Stanko Milin remembers the struggles and the fights.
He had fled the Yugoslavian border with his family as a young boy, staying at a camp in Italy before arriving in Australia.
But another battle was waiting for him in Canberra, where he became one of the founding members of the Canberra Croatia soccer club and a member of its inaugural team in 1958.
"We tried to say from the beginning that we were Croatians, not what they called us, 'Slavs'," Milin said.
"That's why when they called us that, we got offended and sometimes fights would happen, so it wasn't easy but eventually the outcome was good.
"We started with 27 people with players, the committee, everyone.
"The Croatian committee was very small here while today it's one of the biggest in Canberra. So as the community grew, the club grew.
"When we started we had nothing, but now we have this which is something we can be proud of."
He says so as he points to the stands at Deakin Stadium, which fans will fill for Canberra Croatia's Capital Football Premier League clash with Tuggeranong United on Sunday.
The clash comes on a landmark day for the club as Canberra Croatia celebrates its name change after almost a year-long wait.
The abolishment of the FFA's National Club Identity Policy in 2019 saw Canberra FC rebranded to Canberra Croatia, but COVID-19 restrictions kept the club from holding mass celebrations to mark the moment last year.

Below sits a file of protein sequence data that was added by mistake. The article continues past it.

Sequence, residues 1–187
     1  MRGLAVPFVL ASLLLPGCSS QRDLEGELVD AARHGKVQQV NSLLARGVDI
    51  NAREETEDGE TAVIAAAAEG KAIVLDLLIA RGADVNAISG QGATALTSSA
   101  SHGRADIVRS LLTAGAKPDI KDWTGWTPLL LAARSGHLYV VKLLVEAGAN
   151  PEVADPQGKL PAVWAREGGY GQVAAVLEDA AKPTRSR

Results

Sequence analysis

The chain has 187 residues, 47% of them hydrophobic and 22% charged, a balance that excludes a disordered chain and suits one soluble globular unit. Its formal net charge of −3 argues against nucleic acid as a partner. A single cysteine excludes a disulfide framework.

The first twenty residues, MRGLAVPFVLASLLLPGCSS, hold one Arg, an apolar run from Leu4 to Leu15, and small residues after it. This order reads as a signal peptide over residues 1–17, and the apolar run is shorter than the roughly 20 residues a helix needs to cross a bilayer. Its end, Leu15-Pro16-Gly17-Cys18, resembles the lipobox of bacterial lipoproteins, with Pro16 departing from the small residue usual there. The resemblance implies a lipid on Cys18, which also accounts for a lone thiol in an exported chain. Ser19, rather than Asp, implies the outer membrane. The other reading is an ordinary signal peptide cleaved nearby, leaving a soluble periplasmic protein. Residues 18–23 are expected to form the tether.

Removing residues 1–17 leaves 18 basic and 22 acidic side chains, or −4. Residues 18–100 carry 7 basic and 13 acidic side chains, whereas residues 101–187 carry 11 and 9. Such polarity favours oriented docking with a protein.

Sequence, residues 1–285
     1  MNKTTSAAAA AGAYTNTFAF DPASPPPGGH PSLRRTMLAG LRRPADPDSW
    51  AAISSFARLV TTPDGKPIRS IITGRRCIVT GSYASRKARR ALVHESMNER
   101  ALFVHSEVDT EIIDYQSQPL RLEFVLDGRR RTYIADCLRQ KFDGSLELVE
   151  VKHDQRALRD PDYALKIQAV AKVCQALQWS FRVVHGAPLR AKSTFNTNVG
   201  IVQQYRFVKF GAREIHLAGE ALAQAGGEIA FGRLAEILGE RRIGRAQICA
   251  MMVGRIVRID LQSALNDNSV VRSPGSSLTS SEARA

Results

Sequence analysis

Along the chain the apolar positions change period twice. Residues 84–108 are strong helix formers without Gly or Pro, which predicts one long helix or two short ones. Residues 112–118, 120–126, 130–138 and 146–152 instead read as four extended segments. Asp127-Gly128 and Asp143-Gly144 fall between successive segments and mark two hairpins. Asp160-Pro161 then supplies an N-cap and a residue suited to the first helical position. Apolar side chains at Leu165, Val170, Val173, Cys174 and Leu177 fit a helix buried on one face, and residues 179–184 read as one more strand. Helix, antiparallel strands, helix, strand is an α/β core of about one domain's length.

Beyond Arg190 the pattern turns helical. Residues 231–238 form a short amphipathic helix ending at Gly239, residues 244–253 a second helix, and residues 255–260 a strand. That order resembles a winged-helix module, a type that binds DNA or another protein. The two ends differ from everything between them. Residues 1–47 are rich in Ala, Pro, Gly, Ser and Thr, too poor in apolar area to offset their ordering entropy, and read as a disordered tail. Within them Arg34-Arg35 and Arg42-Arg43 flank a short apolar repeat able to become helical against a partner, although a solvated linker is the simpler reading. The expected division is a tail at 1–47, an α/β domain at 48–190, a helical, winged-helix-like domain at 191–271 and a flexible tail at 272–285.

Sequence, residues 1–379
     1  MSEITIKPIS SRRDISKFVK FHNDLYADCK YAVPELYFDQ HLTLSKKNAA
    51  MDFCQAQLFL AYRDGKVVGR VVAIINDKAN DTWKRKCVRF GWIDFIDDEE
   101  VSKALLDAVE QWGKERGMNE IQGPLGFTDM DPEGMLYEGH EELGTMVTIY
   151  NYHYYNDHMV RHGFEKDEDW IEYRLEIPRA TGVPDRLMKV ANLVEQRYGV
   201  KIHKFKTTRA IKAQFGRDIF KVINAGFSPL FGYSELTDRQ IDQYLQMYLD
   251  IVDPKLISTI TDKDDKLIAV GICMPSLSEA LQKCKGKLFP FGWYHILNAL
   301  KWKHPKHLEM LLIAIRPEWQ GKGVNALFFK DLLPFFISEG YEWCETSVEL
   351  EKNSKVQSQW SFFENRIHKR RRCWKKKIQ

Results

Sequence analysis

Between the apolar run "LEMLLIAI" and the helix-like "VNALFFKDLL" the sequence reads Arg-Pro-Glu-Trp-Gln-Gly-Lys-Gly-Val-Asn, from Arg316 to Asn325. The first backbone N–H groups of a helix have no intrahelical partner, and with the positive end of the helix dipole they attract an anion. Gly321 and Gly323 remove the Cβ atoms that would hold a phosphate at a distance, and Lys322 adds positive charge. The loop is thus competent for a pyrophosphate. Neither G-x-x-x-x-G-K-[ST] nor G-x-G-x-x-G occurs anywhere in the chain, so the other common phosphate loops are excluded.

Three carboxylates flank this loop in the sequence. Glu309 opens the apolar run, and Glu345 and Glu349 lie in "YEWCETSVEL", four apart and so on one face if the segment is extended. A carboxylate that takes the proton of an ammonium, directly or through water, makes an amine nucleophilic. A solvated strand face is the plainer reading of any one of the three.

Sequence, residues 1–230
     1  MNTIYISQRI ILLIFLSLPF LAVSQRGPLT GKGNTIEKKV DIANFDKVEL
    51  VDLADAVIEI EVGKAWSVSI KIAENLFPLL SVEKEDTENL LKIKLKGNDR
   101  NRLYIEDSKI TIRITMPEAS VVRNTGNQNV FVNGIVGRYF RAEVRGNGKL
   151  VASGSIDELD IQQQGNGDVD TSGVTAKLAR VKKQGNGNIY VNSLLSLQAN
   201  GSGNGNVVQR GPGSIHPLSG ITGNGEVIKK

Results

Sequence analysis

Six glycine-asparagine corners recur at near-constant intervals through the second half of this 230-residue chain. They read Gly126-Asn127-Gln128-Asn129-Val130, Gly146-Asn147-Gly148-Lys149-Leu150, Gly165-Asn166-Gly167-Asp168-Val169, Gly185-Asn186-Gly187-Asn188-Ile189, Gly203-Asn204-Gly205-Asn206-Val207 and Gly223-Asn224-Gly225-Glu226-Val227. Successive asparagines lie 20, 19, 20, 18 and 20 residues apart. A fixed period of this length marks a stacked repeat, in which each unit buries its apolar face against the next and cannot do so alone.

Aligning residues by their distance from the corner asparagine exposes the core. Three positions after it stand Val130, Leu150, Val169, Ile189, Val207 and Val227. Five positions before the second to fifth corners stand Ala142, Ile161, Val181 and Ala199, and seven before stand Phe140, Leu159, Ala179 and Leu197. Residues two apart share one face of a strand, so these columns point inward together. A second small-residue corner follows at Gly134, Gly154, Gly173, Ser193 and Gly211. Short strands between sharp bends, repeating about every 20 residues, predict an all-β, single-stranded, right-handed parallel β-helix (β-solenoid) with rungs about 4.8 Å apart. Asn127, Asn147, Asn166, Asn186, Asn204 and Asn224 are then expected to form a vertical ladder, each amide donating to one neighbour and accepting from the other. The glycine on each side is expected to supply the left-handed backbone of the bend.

The policy enacted in 1990 disallowed teams from using national, ethnic, or political connotations in their club names.
A club vote shortly after the FFA overturned the policy resulted in an overwhelming consensus to return to their roots.
Celebrations on Sunday will feature Croatian folkloric dancers, an address from the representatives of the Embassy of the Republic of Croatia, and New Zealand-based Samoan live band 'Klapa Somoana' who will sing traditional Croatian songs.
Club secretary Danny Spelic says he is thrilled that Canberra Croatia are now representing their heritage once more.
"It's a symbolic name for many of us because it represents a whole lot more than just the name of the soccer club," Spelic said.
"It's a name that represents an identity back then and a struggle for independence and we feel it's our duty as the younger generation in the club to now bring that name back for our older generation that are now in their twilight years."
For 90 minutes Canberra Croatia captain Mathew Grbesa and his teammates will take centre stage in the hope they can eventually replicate last season's premiership-championship double.
"We are definitely looking to replicate what happened last year, obviously it is a longer season this year with 21 games instead of the 11, but we are definitely looking to go undefeated," Grbesa said.
"We've got a few young kids coming through that are looking to further their game.
"They are doing extremely well, they're training with us week in week out and getting game time on the weekend too.
"Being one of the older players it's good to see that the club has a bright future.
"At the end of the day, I think the captain band is just a band on the arm that gives you the ability to speak to the ref.
"We've got a squad full of leaders and we've got a lot of players that are well experienced.
"So just I'm fortunate enough to have been selected to wear it, other than that it doesn't change much else."
Canberra Olympic host Belconnen United at O'Connor while Monaro Panthers host West Canberra Wanderers at Riverside Stadium to open the round on Saturday.